Carla Albright

Carla Albright

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Were you lucky enough to receive an amaryllis for Christmas, 2020? If so, it might have been the best thing that happened to you last year. But now you need to figure out what to do with it to help it to bloom again for 2021.

I know a lot of people figure it isn’t worth the trouble, but I can tell you from personal experience that the dark red amaryllis I received for Christmas in 2019 bloomed again in all its glory in 2020. And, in fact, it was even prettier the second time around.

Amaryllis

I looked online for some “official” instructions for caring for your amaryllis and found info from everyone from Wikipedia to Martha Stewart. Some of the easiest and yet best instructions, though, came from a site called www.gardeningknowhow.com.

The first year, all you really need to know is to keep the plant lightly watered (only about once or twice a week) and make sure it is not in harm’s way. And by “harm’s way” I mean out of direct sun, away from a heat source, but also not in extreme cold, either. Keep it in a spot that it won’t be knocked over by cats, dogs, children, or anyone else.

The first season, the plant will produce a tall stalk with two to four blossoms on the top. My stalk got to be 30” this year! Once the flowers are spent, cut the stalk down to the top of the bulb, leaving any leaves that have formed. The bulb has used up all its energy to produce the flowers, but the leaves will continue to feed the bulb for next year. Kind of like what happens with tulips and daffodils.

During this time of reenergizing itself, all you need to do is keep the bulb watered (again, only about once or twice per week) and out of direct sunlight. The leaves will eventually begin to turn brown at which point they can be cut back to the bulb. This may not happen until June or July, so don’t worry if your plant still has green leaves into summer. You will notice that the bulb has been planted so that the top portion stands out of the soil. You want to keep it at the same soil level and you can start to fertilize it about once a month.

Now, the online directions get pretty complicated: put the amaryllis outdoors in a shady, sheltered area. After a few days outside in the shade, move it gradually into sunlight, exposing it more and more each day. They even suggest setting a timer so you know when to bring it in from the direct sun. Water only about every other week, or even every three weeks. (I would need to set my computer calendar to remind me if I did that!) Www.gardeningknowhow.com also suggests leaving it outside for two to three months before bringing it back inside to start the reblooming phase again. Start watering again in November, once or twice a week. And with any luck, you will have a blooming amaryllis for Christmas again.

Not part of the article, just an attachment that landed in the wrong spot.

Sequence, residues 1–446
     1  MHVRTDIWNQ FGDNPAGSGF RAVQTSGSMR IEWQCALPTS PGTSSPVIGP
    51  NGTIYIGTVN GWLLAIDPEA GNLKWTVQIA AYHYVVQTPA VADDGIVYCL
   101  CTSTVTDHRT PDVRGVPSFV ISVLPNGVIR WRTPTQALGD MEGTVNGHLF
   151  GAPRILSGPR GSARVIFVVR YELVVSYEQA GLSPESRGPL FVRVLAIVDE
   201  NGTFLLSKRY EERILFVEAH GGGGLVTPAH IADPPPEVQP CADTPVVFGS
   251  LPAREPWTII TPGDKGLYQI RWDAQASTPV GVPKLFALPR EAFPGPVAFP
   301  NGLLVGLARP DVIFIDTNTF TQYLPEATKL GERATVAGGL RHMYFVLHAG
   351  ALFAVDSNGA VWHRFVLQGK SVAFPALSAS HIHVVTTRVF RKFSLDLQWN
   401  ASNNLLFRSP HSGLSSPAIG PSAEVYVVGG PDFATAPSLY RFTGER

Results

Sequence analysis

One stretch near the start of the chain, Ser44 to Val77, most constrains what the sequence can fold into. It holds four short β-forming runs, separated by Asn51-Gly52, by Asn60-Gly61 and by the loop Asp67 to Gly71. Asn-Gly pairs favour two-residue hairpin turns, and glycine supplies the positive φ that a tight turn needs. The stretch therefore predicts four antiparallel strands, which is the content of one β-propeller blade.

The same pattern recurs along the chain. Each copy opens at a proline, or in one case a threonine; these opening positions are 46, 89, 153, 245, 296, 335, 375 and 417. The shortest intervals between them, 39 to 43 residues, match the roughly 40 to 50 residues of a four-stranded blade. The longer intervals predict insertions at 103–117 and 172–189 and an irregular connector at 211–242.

And now, if you think that’s too much bother, here is what I did instead.

I let the flower do its thing until all the blossoms had dropped. At that point, I cut the flower stalk back to the bulb, as I mentioned before. I let the leaves brown, also as above, before I cut them back as well.

I did continue to water the bulb, but lightly and only when I remembered. The plant sat in its seasonal pot - inside - on my south windowsill for 11 months where it got light, but was out of direct sunlight. It was safe from the dog – and me – from knocking it over, but I had feared it would suffer from benign neglect. Turns out it was a tougher plant than I imagined.

About the second week in November, I noticed there was a hint of a green sprout in the center of the bulb, at which time I became more diligent about watering. I was careful not to overwater because more houseplants die from overwatering than underwatering. So, it got a drink when the soil seemed dry.

And by mid-December, I was graced with a lovely, dark red flower, that soon turned into two flowers and then to three and four. It is still in full bloom as I write this column in late December. So that “benign neglect” worked for me.

The best part about having that particular amaryllis rebloom is that it reminds me every day of the friend who gifted it to me long before the pandemic struck. A memory of a easier time.

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